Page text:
• BRIEF DESCRIPTION OF THE DRAWINGS
  • [0015]
    Various features, nature, and advantages may become apparent from the detailed description set forth below when taken in conjunction with the drawings in which like reference characters identify correspondingly throughout.
  • [0016]
    FIG. 1 is a block diagram illustrating an example of an encoder that may include an MDCT analysis filterbank.
  • [0017]
    FIG. 2 is a block diagram illustrating an example of a decoder that may implement include an IMDCT synthesis filterbank.
  • [0018]
    FIG. 3 illustrates how the MDCT transform may be implemented based on the N/2-point DCT-IV core function.
  • [0019]
    FIG. 4 illustrates how an IMDCT transform may be implemented based on the N/2-point IDCT-IV core function.
  • [0020]
    FIG. 5 is a diagram illustrating a 5-point DCT-II transform that may be implemented as part of an encoder MDCT transform.
  • [0021]
    FIG. 6 is a diagram illustrating a 5-point IDCT-II transform that may be implemented as part of a decoder IMDCT transform.
  • [0022]
    FIG. 7 is a block diagram illustrating an example of how a DCT-IV transform of length N=10 points can be implemented using two DCT-II transforms.
  • [0023]
    FIG. 8 is a block diagram illustrating an example of how an IDCT-IV transform of length N=10 points can be implemented using two IDCT-II transforms.
  • [0024]
    FIG. 9 is a graph illustrating the piece-wise symmetric nature of the window function.
  • [0025]
    FIG. 10 is a block diagram illustrating a device for computing transform values.
  • [0026]
    FIG. 11 illustrates an example of a method for encoding a signal using a MDCT transform based on a core DCT-II transform.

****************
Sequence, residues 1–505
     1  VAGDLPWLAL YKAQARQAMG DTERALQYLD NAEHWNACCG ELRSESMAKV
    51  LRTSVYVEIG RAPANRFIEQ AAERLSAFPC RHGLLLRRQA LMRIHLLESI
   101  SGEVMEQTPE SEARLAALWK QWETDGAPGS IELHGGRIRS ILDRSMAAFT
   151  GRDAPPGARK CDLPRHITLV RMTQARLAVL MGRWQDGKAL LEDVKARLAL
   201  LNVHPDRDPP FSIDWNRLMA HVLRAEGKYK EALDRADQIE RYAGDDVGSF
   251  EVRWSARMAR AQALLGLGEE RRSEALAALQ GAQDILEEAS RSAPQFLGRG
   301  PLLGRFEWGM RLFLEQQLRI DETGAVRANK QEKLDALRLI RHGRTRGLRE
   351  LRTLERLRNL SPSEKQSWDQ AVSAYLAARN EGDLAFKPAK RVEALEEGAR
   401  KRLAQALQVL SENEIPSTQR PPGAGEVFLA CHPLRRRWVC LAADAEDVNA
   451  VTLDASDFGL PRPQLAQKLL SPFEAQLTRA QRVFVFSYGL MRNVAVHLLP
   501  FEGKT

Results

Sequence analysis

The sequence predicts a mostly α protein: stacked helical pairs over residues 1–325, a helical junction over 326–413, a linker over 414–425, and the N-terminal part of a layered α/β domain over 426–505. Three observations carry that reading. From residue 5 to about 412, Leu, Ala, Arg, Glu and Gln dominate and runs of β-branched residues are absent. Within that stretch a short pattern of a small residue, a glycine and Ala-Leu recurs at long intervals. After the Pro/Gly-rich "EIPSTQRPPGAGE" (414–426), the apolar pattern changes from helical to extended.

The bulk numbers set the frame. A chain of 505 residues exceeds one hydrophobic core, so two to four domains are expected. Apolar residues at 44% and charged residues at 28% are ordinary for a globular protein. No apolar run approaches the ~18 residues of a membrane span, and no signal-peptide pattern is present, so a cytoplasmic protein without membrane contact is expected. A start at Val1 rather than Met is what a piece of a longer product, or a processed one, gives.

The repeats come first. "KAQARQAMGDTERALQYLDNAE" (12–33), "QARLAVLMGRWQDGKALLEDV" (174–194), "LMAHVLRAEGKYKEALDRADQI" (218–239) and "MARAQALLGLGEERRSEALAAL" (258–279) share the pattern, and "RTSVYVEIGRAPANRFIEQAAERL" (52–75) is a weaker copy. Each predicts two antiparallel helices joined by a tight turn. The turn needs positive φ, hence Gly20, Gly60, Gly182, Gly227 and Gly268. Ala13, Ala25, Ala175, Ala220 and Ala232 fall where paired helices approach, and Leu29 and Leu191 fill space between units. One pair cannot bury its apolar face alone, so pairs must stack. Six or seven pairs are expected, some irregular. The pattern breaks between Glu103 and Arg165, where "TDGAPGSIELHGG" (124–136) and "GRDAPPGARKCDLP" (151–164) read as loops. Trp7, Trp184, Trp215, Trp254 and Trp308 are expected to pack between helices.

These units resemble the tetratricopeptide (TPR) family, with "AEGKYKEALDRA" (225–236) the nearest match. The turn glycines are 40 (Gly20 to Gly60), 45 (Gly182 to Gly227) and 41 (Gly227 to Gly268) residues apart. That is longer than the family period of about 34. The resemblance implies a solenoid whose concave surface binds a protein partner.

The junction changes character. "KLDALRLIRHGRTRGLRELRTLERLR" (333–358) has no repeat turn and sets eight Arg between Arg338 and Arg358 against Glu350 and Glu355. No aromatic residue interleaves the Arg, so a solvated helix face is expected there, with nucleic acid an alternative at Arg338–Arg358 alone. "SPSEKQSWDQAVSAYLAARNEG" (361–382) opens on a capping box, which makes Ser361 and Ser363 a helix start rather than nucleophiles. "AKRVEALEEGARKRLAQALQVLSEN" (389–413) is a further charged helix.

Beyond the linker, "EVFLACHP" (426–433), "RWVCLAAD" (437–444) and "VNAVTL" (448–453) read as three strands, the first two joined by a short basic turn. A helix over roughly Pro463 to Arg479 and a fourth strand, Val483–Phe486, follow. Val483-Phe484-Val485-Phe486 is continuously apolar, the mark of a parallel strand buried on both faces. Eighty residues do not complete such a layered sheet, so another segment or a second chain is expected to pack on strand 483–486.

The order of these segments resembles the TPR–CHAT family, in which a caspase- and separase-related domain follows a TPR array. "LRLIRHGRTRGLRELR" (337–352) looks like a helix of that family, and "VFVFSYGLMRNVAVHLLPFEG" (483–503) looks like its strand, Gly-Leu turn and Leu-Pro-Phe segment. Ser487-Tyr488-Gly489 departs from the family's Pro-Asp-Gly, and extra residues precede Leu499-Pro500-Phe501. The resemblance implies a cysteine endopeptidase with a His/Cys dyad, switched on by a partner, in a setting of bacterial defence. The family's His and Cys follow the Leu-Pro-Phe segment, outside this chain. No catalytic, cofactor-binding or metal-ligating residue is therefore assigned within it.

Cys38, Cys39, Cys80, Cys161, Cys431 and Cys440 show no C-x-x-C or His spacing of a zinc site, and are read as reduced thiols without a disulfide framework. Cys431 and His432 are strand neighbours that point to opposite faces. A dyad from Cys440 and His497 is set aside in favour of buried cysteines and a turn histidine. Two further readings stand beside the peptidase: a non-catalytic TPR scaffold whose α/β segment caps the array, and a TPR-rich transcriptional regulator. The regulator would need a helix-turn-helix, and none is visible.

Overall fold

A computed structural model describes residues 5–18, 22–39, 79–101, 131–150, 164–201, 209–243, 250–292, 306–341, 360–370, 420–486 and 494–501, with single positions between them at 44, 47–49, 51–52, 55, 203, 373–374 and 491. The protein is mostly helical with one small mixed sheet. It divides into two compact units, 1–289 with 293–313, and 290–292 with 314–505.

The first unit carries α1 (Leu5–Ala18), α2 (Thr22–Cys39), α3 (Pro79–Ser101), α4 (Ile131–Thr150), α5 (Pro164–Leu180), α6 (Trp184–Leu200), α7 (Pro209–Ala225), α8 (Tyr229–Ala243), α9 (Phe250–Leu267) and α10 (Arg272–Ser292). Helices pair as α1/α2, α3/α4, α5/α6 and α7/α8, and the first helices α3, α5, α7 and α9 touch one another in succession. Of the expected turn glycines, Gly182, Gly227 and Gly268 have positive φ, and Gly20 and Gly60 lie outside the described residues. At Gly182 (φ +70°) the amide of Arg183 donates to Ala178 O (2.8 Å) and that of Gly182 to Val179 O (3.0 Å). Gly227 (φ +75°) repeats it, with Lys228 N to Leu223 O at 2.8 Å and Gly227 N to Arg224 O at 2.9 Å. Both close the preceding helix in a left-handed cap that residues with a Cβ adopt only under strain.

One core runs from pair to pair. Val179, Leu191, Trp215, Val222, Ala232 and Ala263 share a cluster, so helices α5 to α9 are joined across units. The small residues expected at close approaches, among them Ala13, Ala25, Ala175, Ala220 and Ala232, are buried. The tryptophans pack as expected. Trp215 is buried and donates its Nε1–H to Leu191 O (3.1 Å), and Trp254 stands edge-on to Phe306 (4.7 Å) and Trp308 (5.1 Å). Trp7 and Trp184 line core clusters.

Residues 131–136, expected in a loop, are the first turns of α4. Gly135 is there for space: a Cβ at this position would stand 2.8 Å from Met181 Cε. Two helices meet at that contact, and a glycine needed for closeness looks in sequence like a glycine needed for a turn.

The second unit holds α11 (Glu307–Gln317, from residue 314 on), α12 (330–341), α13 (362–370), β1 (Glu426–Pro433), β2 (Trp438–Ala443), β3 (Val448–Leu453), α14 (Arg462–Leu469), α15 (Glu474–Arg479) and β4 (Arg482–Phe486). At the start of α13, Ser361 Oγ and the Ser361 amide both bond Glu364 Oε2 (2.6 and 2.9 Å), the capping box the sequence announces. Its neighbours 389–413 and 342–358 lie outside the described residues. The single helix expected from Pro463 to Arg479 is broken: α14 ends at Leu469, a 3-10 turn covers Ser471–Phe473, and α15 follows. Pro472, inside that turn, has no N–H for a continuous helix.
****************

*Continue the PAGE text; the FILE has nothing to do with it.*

• [0027]
    FIG. 12 is a block diagram illustrating a device for computing transform values.
  • [0028]
    FIG. 13 illustrates an example of a method for decoding a signal using an IMDCT transform based on a core IDCT-II transform.
  • [0029]
    FIG. 14 is a block diagram illustrating a device for performing windowing operations.
  • [0030]
    FIG. 15 illustrates an example of a method for performing a windowing operation.
  • DETAILED DESCRIPTION
  • [0031]
    Various embodiments are now described with reference to the drawings, wherein like reference numerals are used to refer to like elements throughout. In the following description, for purposes of explanation, numerous specific details are set forth in order to provide a thorough understanding of one or more embodiments. It may be evident, however, that such embodiment(s) may be practiced without these specific details. In other instances, well-known structures and devices are shown in block diagram form in order to facilitate describing one or more embodiments.
  • Overview
  • [0032]
    One feature provides for implementing an N-point MDCT transform by mapping it into smaller sized N/2-point DCT-IV and DCT-II transforms with isolated pre-multiplications which can be moved to the subsequent windowing stage. That is, the windowing operations may be merged with first/last stage multiplications in the core MDCT/IMDCT functions, respectively, thus reducing the total number of multiplications. Additionally, the MDCT may be systematically decimated by factor of 2 by utilizing a uniformly scaled 5-point DCT-II core function (using at most 5 non-trivial multiplications) as opposed to the DCT-IV or FFT cores used in many existing MDCT designs in audio codecs.
  • [0033]
    The modified windowing stage provides piece-wise symmetric factors which can be stored using half the factors. Such features offer appreciable reduction in complexity and less memory usage than the prior art.